I’m sure the other gals will take it much easier on you, but I brought a recipe that is a wee bit challenging and (oh, please don’t run away) time-consuming. It is also worth every minute spent in the kitchen!
When the Cronut excitement hit last year, my daughter immediately challenged me to create my own recipe for these flaky little fried pastries. She loves my croissants and assumed Cronuts would be a simple transition. Do you know what? She was right! They came out just as I had envisioned them – a rarity, for sure.
This slightly sweetened croissant dough takes time to do properly, but it’s one of those processes that is spread out over two days. The dough can be started in the afternoon, turned and rolled several times over the course of the evening, and then put in the refrigerator until the next day (or even the day after!) when the shapes are then cut out, allowed to rise, and then fried, rolled in sugar, filled, and frosted.
So…here is my recipe for Chocolaty Croissant Puffs. Don’t let the length of it intimidate you; I get a little wordy when I’m trying to explain how to do something. Just be glad I’m not standing behind you in the kitchen, micromanaging you! Not that I ever do that, of course. Ahem.
Also, for some helpful hints you might want to check out my CROISSANT blog
|Chocolaty Croissant Puffs|| |
- 1 package active-dry yeast
- 1⅓ cups warm milk
- 1 tablespoon butter, softened
- 1 teaspoon vanilla
- 2 tablespoons sugar
- 1 teaspoon salt
- 3½ cups all-purpose flour
- 1 cup cold butter
- A shallow bowl of sugar for rolling pastry in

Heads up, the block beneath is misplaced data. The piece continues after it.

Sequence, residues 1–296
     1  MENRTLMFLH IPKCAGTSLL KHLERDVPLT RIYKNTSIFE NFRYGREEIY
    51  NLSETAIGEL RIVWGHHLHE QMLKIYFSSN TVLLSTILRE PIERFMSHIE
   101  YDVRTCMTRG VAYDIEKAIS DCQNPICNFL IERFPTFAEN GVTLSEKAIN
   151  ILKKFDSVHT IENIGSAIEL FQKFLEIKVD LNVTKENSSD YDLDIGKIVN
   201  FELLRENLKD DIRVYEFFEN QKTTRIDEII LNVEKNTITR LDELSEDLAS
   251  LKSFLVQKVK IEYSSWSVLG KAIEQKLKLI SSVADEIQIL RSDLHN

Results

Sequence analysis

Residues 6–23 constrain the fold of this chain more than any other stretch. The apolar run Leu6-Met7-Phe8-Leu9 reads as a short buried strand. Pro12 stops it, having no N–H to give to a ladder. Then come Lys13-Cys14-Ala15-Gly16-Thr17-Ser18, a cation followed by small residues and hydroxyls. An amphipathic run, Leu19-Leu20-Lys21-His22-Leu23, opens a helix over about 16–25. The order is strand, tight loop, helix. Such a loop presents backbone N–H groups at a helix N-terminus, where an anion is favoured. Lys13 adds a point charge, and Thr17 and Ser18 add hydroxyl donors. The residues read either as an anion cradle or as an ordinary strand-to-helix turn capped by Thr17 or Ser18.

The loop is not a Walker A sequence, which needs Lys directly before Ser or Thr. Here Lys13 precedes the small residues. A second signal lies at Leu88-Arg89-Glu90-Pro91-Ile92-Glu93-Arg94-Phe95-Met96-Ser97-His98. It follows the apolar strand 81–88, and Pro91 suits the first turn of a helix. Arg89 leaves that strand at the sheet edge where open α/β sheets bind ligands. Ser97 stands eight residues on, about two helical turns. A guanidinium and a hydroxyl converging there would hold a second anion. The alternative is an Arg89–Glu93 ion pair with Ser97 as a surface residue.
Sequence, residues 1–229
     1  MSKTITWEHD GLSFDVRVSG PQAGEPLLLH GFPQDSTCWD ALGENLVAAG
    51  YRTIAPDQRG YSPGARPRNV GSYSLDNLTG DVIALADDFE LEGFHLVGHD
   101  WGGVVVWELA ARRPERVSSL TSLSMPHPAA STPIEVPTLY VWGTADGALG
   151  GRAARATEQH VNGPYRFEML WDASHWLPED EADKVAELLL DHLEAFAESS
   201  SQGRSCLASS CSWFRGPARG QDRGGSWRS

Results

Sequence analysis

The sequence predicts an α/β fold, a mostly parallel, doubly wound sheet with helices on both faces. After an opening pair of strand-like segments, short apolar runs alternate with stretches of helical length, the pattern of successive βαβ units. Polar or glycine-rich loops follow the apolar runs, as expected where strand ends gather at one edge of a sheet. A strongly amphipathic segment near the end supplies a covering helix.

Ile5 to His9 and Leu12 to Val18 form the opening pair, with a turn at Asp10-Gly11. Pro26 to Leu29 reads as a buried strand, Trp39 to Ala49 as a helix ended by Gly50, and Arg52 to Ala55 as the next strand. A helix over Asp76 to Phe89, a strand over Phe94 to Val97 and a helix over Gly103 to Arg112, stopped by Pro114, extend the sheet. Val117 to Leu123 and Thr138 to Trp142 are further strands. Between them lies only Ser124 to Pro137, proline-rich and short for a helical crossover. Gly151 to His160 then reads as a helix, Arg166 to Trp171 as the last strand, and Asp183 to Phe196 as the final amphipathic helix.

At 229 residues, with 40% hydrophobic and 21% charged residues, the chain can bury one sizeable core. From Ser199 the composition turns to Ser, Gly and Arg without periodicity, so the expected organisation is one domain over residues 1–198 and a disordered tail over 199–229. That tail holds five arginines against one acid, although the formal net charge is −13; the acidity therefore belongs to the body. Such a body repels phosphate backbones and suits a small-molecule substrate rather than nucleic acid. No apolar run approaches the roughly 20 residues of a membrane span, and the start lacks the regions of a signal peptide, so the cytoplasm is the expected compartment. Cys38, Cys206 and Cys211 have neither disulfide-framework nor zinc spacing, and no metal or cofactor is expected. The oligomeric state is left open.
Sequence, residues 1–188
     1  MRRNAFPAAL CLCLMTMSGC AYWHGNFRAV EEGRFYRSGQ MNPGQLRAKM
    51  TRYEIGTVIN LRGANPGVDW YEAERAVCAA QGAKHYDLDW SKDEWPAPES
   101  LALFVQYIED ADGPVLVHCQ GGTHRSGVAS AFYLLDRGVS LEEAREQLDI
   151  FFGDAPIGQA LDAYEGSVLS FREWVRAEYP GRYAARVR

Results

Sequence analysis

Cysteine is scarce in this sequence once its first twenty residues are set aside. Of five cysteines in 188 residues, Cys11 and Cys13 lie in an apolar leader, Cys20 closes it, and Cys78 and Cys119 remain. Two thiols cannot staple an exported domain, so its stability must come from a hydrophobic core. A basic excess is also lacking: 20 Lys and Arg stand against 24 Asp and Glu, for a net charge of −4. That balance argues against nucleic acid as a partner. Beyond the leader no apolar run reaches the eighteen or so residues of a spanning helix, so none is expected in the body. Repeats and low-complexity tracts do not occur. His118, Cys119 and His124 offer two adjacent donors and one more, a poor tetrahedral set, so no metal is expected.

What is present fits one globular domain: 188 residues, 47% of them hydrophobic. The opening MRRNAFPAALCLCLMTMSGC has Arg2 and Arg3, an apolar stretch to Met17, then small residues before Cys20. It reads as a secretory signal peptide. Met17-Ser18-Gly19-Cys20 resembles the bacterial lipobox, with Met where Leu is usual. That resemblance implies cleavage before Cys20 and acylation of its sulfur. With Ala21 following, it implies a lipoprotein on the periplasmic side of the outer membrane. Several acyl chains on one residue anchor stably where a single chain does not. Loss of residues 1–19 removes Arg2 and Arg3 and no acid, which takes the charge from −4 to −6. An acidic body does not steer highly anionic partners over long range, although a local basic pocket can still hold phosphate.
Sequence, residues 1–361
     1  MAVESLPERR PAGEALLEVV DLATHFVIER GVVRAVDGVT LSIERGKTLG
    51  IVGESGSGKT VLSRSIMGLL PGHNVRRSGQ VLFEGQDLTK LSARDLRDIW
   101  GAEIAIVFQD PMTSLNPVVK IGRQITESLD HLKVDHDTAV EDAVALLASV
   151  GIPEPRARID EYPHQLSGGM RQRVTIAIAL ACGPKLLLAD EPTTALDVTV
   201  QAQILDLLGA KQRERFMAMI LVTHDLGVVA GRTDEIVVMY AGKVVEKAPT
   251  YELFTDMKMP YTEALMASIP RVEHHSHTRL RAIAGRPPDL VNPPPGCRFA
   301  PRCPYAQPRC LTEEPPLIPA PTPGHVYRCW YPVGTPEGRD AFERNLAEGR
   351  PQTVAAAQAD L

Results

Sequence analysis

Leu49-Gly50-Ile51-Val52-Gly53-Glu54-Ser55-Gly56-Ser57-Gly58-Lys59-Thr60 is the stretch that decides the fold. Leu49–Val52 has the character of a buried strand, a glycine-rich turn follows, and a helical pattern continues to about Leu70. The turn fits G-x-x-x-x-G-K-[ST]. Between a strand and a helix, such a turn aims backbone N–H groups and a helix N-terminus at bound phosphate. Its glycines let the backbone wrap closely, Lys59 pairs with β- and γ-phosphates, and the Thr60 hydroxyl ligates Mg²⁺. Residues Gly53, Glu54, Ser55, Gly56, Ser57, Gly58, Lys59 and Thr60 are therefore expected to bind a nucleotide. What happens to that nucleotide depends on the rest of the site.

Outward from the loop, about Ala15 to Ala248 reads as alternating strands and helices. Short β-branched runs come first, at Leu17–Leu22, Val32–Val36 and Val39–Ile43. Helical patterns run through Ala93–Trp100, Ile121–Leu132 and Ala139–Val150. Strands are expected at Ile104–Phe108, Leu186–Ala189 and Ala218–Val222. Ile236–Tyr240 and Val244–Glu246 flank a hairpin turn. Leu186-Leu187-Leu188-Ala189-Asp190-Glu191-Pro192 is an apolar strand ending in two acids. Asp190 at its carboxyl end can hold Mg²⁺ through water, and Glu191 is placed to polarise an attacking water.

- oil for frying, enough to fill pot 3" (I prefer peanut oil)
- Pastry Cream:
- ¼ cup cornstarch
- ⅓ cup sugar
- ⅓ cup water
- 3 egg yolks
- 1 cup half & half
- ¼-1/3 cup semi-sweet chocolate chips
- Chocolate Glaze
- 6 ounces dark chocolate (or 1 cup chocolate chips)
- 1 tablespoon butter
- 1 tablespoon corn syrup
- 1 teaspoon vanilla
- 1 cup powdered sugar
- ½ cup half & half
- 1 teaspoon powdered egg whites or meringue powder (optional)
- In a large bowl (a stand mixer is best) combine the yeast and warm milk. Let it sit until dissolved - about 10 minutes.
- Add the butter, vanilla, sugar, salt, and 1 cup of the flour and stir until combined.
- Switch to a dough hook and slowly add 2 cups of the remaining flour. Knead with the dough hook for 3-4 minutes. Add the remaining ½ cup of flour if needed to make the dough come away cleanly from the sides of the bowl.
- Cover with a towel and let the dough rise until doubled - about 1 hour.
- Drop the dough on a lightly floured surface. Turn it over to coat, and knead a few times. Place the dough in a large plastic zipper bag, or wrap loosely in plastic wrap. Put in the refrigerator.
- Working with one stick of butter, pound and roll the butter between two pieces of waxed paper or parchment, making a 6½-inch by 4-inch rectangle. If necessary, trim the butter to get reasonably straight edges and use a knife or spatula to spread the trimmed butter back onto the rectangle. Place in the refrigerator. Repeat with the other stick of butter.
- Refrigerate for 15-20 minutes.
- Place chilled dough on floured surface and roll it out to approximately 12x8 inches, with the long side towards you.
- Put one piece of chilled butter in the middle of the dough, with the butter's short edge towards you. Fold the dough from the right, over the butter, pressing down gently. Place the other piece of butter on the dough that is covering the first piece of butter and fold the left side over, pressing the seam to close. (It is like a book, with the "open" edge on the right and the short edge facing you.
- Roll out gently to measure 12x8 inches. Fold into thirds again, press the edges to seal, and put the dough back into the plastic bag. Refrigerate for 45 minutes.
- With the long sealed edge on the right, roll out again to 12x8 inches. Fold into thirds and place back in the bag in the refrigerator for 45 minutes